We analyze the optimal choice of risk in a two-stage tournament game between two players that have different concave utility functions. At the first stage, both players simultaneously choose risk. At the second stage, both observe overall risk and simultaneously decide on effort or investment. The results show that those two effects which mainly determine risk taking — an effort effect and a likelihood effect — are strictly interrelated. This finding sharply contrasts with existing results on risk taking in tournament games with symmetric equilibrium efforts where such linkage can never arise. Hence, previous findings based on symmetry at the effort stage turn out to be nongeneric.

 

Keywords: asymmetric equilibria, rank-order tournaments, risk taking
JEL classification: C72, J3, L1, M5
April 2007

 

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SFB/TR 15 Discussion Paper No.

198

Felix Höffler, Klaus M. Schmidt (A4, B3)
Two Tales on Resale

Abstract:

In some markets vertically integrated firms sell directly to final customers hut also to independent downstream firms with whom they then compete on the downstream market. It is often argued that resellers intensify competition and benefit consumers, in particular when wholesale prices are regulated. However, we show that (i) resale may increase prices and make consumers worse off and that (ii) standard "retail minus X regulation" may increase prices and harm consumers. Our analysis suggests that this is more likely if the number of integrated firms is small, the degree of product differentiation is low, and/or if competition is spatial.


Keywords: Resale regulation, wholesale, spatial product differentiation, non-spatial product differentiation, vertical restraints
JEL Classification: D43, L11, L42, L51
March 2007

 

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SFB/TR 15 Discussion Paper No.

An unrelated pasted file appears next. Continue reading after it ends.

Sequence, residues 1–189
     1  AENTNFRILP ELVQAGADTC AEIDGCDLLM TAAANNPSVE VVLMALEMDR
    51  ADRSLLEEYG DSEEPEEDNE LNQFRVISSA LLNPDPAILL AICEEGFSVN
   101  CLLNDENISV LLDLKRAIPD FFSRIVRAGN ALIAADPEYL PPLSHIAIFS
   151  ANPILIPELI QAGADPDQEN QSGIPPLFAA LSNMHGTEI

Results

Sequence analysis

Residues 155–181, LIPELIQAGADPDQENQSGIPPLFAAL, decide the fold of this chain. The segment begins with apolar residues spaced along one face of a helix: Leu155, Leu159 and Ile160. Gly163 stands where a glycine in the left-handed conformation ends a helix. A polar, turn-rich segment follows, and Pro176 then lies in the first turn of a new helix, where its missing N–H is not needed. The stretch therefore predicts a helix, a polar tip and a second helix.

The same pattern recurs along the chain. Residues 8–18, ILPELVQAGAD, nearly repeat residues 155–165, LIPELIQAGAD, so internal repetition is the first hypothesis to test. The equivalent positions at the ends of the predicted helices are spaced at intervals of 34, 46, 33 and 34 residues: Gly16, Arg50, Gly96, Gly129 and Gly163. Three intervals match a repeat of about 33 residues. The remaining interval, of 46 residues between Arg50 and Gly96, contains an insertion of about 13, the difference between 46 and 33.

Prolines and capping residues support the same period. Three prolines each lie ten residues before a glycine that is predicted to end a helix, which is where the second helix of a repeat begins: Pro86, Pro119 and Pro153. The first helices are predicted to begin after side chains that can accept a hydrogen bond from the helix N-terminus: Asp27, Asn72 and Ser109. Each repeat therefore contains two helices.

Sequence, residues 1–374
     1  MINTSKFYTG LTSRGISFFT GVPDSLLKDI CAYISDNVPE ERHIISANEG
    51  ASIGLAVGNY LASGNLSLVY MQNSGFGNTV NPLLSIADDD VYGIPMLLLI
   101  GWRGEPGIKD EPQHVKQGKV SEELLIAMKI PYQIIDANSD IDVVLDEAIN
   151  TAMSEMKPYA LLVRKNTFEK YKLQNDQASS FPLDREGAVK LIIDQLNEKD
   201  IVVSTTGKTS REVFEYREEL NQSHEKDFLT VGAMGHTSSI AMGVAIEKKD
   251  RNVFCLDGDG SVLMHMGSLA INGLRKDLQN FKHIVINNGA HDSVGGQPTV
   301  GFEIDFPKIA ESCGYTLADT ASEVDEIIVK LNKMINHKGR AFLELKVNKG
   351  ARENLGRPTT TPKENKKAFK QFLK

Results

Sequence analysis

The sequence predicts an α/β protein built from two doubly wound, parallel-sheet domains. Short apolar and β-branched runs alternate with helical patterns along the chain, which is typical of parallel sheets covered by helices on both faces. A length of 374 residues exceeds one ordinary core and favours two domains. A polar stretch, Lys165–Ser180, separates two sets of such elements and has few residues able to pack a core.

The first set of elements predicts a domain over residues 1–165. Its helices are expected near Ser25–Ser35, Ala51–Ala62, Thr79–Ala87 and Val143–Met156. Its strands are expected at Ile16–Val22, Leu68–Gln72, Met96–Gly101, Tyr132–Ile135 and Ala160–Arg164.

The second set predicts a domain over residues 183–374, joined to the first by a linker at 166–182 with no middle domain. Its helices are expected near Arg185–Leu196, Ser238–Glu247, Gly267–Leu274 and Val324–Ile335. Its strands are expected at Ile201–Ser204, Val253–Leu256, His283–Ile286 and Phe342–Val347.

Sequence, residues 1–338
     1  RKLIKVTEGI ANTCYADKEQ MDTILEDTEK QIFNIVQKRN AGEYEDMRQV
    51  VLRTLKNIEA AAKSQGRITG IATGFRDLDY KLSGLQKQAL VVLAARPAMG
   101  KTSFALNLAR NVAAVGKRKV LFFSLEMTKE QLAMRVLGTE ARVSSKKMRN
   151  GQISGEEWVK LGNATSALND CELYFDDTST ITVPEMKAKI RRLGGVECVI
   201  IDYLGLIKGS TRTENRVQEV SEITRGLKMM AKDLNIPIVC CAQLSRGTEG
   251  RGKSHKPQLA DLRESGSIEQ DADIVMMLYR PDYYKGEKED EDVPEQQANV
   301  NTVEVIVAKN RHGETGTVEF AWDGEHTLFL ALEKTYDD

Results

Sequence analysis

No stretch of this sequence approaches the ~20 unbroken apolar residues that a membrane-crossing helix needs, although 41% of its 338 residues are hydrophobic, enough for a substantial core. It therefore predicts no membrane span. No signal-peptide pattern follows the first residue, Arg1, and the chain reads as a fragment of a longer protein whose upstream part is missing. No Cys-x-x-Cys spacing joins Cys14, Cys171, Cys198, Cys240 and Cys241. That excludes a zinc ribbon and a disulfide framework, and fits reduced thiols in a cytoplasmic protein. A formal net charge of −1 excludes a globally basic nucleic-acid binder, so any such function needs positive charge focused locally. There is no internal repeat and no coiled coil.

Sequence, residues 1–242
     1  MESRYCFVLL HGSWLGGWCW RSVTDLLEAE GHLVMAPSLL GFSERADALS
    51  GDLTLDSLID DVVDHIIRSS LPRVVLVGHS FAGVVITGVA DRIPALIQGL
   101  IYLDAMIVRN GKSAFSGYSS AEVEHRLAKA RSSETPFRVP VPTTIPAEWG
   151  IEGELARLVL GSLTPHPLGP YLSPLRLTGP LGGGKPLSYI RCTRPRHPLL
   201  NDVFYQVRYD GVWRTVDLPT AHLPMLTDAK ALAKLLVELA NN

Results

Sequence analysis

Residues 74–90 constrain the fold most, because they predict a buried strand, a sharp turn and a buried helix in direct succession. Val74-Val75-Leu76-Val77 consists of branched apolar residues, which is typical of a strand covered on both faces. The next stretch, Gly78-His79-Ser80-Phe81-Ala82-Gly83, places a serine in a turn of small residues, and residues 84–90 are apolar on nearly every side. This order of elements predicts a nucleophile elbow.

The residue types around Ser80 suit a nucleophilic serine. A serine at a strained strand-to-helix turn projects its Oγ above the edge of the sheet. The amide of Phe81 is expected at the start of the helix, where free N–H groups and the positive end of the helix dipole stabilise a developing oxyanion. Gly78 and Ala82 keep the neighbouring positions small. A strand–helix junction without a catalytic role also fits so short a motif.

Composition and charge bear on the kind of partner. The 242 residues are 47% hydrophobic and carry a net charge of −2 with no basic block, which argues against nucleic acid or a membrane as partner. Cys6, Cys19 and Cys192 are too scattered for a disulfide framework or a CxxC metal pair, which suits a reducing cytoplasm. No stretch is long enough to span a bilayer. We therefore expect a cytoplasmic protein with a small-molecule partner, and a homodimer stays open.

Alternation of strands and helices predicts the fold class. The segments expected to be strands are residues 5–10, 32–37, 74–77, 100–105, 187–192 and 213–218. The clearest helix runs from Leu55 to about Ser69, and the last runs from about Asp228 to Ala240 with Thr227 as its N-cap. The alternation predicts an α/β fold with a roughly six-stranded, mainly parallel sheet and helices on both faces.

192

Ulrich Lossen (B2)
The Performance of Private Equity Funds: Does Diversification Matter?

Abstract:

This paper is the first systematic analysis of the impact of diversification on the performance of private equity funds. A unique data set allows the exact evaluation of diversification across the dimensions financing stages, industries, and countries. Very different levels of diversification can be observed across sample funds. While some funds are highly specialized others are highly diversified. The empirical results show that the rate of return of private equity funds declines with diversification across financing stages, but increases with diversification across industries. Accordingly, the fraction of portfolio companies which have a negative return or return nothing at all, increase with diversification across financing stages. Diversification across countries has no systematic effect on the performance of private equity funds.


Keywords: private equity, diversification, specialization, performance, rate of return, percentage of loss
JEL classification: G11, G24, M13
June 2006

 

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SFB/TR 15 Discussion Paper No.

188

Carolin Häussler, Hans-Martin Zademach (B2)
Cluster Performance reconsidered: Structure, Linkages and Paths in the German Biotechnology Industry, 1996-2003

Abstract: